An Introduction to Food Insecurity on College Campuses Part Three: Reexamining SNAP Policies for College Students

This is the third in a series regarding food insecurity among the student population. Read Food Insecurity on College Campuses and Innovative Initiatives on College Campuses Addressing Food Insecurity for more insight into this subject.

When it comes to alleviating hunger on college campuses, one major policy worth considering is giving students access to the Supplemental Nutrition Assistance Program (SNAP)—the federal nutrition assistance program that provides food benefits to low-income Americans. SNAP eligibility criteria has considerable ramifications for college students and their ability to access food. 

SNAP, formerly known as “Food Stamps,” provided benefits to over 41 million recipients in 2022, making it the largest federal nutrition assistance program and important to addressing food insecurity in the United States. However, SNAP recipients must meet several fairly rigid eligibility requirements, which limit the amount of food insecure people who are able to access the program. Approximately 1 out of 3 people who are food insecure do not qualify for federal programs, which suggests a need to reexamine eligibility requirements in order to reach those in need. It is especially important to consider college students. This population faces unique challenges in receiving SNAP benefits due to their student status, which makes it necessary to meet a number of additional eligibility requirements to receive benefits.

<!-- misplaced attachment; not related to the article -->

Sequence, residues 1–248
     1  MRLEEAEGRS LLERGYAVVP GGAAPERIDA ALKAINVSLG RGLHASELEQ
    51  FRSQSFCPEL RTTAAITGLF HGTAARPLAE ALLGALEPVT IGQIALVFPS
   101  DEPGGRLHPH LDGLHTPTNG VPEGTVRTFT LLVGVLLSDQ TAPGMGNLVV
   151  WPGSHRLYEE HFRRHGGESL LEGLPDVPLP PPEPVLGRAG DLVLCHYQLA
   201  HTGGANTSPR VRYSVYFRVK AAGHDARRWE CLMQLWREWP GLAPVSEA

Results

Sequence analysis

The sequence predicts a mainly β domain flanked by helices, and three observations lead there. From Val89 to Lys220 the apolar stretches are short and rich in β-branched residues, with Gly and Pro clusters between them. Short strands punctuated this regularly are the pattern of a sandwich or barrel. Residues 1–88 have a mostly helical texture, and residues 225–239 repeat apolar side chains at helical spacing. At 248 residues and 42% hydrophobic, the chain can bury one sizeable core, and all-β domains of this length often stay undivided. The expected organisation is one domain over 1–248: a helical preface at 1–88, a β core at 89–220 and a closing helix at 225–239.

Impacts of COVID-19 on SNAP Eligibility

During the COVID-19 pandemic in 2020, the U.S. Department of Agriculture relaxed the long-standing SNAP restrictions for full-time college students, created under the assumption that most students enter college directly after high school and are supported financially by their parents. This change resulted in an estimated addition of three million college students to the program.

The SNAP program will revert to pre-pandemic rules at varying points over the year following the end of the public health emergency declaration in May 2023. As college students lose these benefits, the need for a simplified enrollment process and expanded SNAP eligibility will unfortunately become apparent once again. 

SNAP Eligibility for College Students

Eligibility for college students to receive SNAP is dependent on a number of factors that can make it unclear and confusing to confirm SNAP eligibility. Generally, SNAP eligibility is based on monthly income. However, historical policies—established when the college student population was made up of proportionately more traditional college students with substantial family support—were put into place to exclude college students from qualifying for SNAP based on monthly income alone. These historical policies still prevent many college students from meeting SNAP requirements when they really needed support.